Photo: Getty Images/Mario Tama
When Research In Motion unveiled its long-delayed BlackBerry 10, it also announced it was changing its name to BlackBerry.CEO Thorsten Heins argued that the new name reflects how the company had “transformed [itself] inside and out.
See the companies that took new names >
By choosing a different name, companies hope to convey their transformation and focus. But often that desire for a renewed image is a last ditch effort to breathe life in an irreversibly damaged brand. 24/7 Wall St. has reviewed major corporate name and brand changes over the past few years. These are seven companies that were forced to change their name.
There are several reasons a major corporation decides to take the leap and change its moniker. In many cases, it is to make the name more attractive across a wider market. This happened when the company known a BackRub changed its name to Google Inc., or when “Jerry and David’s Guide to the World Wide Web” changed its name to Yahoo! Inc. Sometimes, the change is an attempt to modernize, and is often as simple as just shortening the name or removing words, as was the case with Apple Computers changing its name to Apple Inc. and Federal Express changing its brand name to FedEx Corp.
While there can be many valid reasons for companies to change or tweak their names — be it startups that grow up, established companies that match their names to their customers’ expectations, mergers and so on — we have focused on those companies that had to change their names to stop declines or even stay in business.
For some of these companies, a single incident precipitated the name change. In 1996, a ValuJet DC-9 crashed in Florida, killing 110 people. The Federal Aviation Administration investigated, and after grounding the airline for three months, determined that the carrier had deliberately allowed unsafe planes to fly. ValuJet eventually acquired smaller airline AirTran, and to distance itself from the brand it took the acquisition’s name.
In other cases of forced corporate name change, it was not a single incident, but a period of inconsistent management, bad press or both that led to the decision. In 2010, the struggling lender formerly known as GMAC became Ally Financial. GMAC had been hit badly by the subprime mortgage crisis. Despite receiving a $17.2 billion bailout from the Treasury, it continues to struggle, failing a federal stress test last year.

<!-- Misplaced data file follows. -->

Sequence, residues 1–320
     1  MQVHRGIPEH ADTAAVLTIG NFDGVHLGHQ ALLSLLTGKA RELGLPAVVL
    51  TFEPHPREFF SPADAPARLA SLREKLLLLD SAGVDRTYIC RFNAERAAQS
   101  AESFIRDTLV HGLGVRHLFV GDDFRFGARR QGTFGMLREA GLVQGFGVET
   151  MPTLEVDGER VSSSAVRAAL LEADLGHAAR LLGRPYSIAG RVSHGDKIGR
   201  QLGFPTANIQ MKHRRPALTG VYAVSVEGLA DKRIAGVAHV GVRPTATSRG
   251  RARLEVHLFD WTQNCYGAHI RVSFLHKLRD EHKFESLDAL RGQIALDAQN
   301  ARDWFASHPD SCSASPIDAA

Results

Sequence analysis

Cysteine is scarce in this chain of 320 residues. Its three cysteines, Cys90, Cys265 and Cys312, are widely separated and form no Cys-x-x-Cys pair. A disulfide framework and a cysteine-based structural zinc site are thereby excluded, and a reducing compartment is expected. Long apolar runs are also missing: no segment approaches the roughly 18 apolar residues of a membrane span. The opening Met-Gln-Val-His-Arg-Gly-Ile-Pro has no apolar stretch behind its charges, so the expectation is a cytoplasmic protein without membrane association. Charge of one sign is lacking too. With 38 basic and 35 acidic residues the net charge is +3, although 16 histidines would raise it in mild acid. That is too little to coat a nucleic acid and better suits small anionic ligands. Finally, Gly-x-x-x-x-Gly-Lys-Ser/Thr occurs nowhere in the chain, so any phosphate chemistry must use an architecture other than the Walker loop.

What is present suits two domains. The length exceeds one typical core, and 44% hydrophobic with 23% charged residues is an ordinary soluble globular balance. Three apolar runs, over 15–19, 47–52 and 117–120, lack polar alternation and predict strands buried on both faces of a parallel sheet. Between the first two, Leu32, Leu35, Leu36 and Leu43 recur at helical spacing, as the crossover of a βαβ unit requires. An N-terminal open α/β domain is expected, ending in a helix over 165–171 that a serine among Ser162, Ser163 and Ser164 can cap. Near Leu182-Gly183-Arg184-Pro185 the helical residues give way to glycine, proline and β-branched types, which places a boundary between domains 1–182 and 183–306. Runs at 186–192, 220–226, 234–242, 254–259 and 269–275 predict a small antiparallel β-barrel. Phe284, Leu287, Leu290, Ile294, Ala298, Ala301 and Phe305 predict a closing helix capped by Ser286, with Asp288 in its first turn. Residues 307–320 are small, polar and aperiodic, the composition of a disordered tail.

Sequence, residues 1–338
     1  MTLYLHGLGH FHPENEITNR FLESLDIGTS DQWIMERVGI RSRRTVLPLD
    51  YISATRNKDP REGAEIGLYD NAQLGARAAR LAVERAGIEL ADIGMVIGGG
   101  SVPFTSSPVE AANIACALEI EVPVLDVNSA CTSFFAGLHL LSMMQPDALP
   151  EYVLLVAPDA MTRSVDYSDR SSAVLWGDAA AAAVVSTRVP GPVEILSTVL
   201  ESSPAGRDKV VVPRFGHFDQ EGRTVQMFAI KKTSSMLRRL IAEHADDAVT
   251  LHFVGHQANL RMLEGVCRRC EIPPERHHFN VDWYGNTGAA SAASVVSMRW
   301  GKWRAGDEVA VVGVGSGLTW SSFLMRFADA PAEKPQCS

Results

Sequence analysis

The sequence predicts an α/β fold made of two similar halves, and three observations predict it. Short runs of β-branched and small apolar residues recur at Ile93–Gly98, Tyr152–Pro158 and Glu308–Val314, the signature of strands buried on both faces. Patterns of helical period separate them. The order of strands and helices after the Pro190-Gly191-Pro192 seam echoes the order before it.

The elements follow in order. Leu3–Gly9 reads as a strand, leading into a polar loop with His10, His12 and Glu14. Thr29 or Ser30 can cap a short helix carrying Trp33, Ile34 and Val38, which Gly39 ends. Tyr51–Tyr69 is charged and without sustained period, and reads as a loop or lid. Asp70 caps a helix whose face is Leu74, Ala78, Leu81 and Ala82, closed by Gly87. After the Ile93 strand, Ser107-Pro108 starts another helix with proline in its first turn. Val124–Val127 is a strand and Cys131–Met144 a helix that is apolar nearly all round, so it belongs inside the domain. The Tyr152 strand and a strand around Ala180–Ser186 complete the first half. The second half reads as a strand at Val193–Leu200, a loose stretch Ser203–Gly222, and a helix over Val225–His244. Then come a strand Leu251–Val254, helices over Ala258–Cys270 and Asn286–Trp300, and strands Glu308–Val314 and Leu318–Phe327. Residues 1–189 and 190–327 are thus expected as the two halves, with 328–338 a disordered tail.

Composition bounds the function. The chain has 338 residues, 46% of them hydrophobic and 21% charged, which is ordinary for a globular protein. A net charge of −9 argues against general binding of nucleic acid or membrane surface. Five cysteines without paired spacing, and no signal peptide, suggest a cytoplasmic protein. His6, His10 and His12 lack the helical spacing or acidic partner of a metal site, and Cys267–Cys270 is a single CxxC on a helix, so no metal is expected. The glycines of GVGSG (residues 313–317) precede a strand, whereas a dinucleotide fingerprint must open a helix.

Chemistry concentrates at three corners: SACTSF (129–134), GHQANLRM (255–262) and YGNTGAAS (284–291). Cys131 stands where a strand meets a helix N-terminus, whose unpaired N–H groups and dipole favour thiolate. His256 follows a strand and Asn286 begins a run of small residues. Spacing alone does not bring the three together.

A corporate name change is meaningless unless consumers believe there is actually a new product behind the new name. In an interview with 24/7 Wall St., InterBrand London CEO Graham Hales explained that in this age of transparency, a simple name change is not going to turn your company around. “If you’re going to change your name, you’ve got to have a strategy which is changed in line with it, and too often companies change their name and the focus point becomes why they changed their name, and not about what is different about the company,” said Hales.
It remains to be seen whether Ally Financial, or the infamous military mercenary contractor formerly known as Blackwater, which has now changed its name twice, has followed that advice.
These are the seven companies forced to change their names.
Former name: GMAC
Year changed: 2010
In 2009, GMAC changed the name of its banking unit to Ally Bank. The decision was made to distance the company from its longtime association with government-owned General Motors Co. as well as its own bailout. The next year, GMAC, which in addition to an online retail bank also provides auto and mortgage lending services, changed the name of its entire business to Ally Financial. But under both names the company has struggled despite receiving $16.3 billion in TARP funding. Of this, nearly $10.5 billion remains outstanding, while the U.S. Treasury holds a 74% stake in the lender. Last year alone, the company failed a Federal Reserve stress test evaluating its ability to survive another financial crisis. In May 2012, its mortgage lender and servicer, Residential Capital, filed for bankruptcy.
Former name: World Wrestling Federation
Year changed: 2001
The popular entertainment company once known as the World Wrestling Federation, or WWF, had to change its name for a much different reason -- trademark violation. Very few multimillion dollar companies come across such a problem. But World Wildlife Fund for Nature, a global conservation organisation founded in 1961 that carries the initials WWF, sued the entertainment group in 2000 and won. A british judge ruled in 1994 that the initials belonged solely to the conservation group, but the organisation now known as the WWE, or World Wrestling Entertainment Inc., continued to use the initials through 2002. That is when the United Kingdom's Court of Appeals upheld a 2001 ruling that the corporation had been in violation of the 1994 settlement. The WWF changed its name and abbreviation, and continues to be extremely popular as the WWE.
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